It’s only February, but we’ve got springtime on the brain—and so does an army of portfolio-toting teachers who are looking for new opportunities and “teacherless” classrooms. If you’re wondering what to expect during your interview or what qualities principals are looking for in an effective teacher, you’re in luck: We’ve boiled down five qualities that real-life principals listed as their "must-haves" when hiring effective teachers at all levels.
5 qualities of an effective teacher—according to those who hired them
- Passion. Surprised? Probably not. "Passion" or "enthusiasm" is repeated over and over by those who understand what it takes to really be successful in this profession. Depending on where you teach, and what level/subject is your forte, you might come in contact with hundreds of students a day and thousands over the course of a career. You can’t fake passion—and if you don’t have passion for your students and your subject matter, you’re going to have a tough time convincing administrators that you have what it takes to be an effective teacher.
- Je ne sais quoi. Teachers have to possess that "special something”—or as the French say, "I don't know what." We all know it when we meet people who have it. It's a little extra heart spark that burns inside them and draws people to them. That "special something" helps teachers relate with a diverse student population at a non-verbal level and lets students know they are valued, understood, and seen as individuals with their own unique needs. Teachers who have that je ne se quoi are beloved by their students, regardless of whether or not their students love the subject matter.
- A Plan. There is a good chance your interview will include a question like, "So, describe what we'll encounter when we walk in during the middle of a class period?" or "What is your classroom management plan?" The answer to these questions indicates whether a teacher is organized, has time management skills, has experience and/or is intuitive to the needs of the students. The most effective teachers know that plans change at a moment’s notice, but still—an overarching purpose is always better than a foundation shaped like a big question mark.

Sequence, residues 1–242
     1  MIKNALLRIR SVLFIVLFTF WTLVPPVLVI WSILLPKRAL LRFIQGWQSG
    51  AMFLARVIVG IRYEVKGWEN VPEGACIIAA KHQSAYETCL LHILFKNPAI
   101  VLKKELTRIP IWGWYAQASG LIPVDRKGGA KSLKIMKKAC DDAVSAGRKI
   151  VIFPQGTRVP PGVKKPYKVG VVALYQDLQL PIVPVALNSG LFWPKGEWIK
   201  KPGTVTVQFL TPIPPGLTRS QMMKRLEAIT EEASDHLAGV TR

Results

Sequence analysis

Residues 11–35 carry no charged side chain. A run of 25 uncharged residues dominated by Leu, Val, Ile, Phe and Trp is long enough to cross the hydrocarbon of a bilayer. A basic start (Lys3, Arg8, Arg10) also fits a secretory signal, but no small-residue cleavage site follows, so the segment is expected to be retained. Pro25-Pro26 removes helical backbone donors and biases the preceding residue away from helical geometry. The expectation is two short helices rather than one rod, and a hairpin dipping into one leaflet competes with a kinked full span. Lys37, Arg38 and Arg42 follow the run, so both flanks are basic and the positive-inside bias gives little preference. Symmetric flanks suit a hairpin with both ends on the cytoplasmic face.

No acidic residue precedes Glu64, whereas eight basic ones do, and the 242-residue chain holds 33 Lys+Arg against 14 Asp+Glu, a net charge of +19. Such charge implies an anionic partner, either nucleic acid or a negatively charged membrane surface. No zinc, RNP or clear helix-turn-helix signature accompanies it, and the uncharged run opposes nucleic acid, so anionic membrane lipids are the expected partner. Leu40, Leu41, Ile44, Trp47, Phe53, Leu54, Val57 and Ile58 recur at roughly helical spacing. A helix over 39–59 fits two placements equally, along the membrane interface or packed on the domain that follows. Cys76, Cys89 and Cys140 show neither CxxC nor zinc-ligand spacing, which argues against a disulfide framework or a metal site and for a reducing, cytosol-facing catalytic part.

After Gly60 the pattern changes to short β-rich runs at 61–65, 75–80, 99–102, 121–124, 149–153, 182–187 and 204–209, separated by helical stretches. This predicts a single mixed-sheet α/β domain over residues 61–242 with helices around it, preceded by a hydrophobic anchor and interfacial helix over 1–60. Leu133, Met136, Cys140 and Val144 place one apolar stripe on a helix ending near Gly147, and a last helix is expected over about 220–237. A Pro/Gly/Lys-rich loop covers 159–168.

- Loves to learn. The best students have an innate curiosity that can't be squelched. Likewise, the most effective teachers share this trait. An effective teacher never stops learning. Whether it’s the simple things, like what works and what doesn't, or the hard things, like what the heck is quantum physics all about anyway? Teachers who are excited about learning will have a much better time inspiring the same excitement in their students. Plus, administration can rest assured the teacher will keep abreast of the rapidly changing technological realm.
- A sense of humor. If you don't have a good sense of humor, we wish you the best of luck and hope you can find one. There are hard days ahead; if you don’t learn to laugh at the struggles and yourself, it isn’t going to take long for you to burn out. Miserable teachers are never effective—they’re also the easiest targets for “challenging” students.
There are very few careers that allow us the opportunity to touch lives on a daily basis. Teaching is definitely one of them. So make sure your "Teaching Bag o' Tricks" is loaded with the five qualities listed above and you will have a great shot at becoming an effective teacher.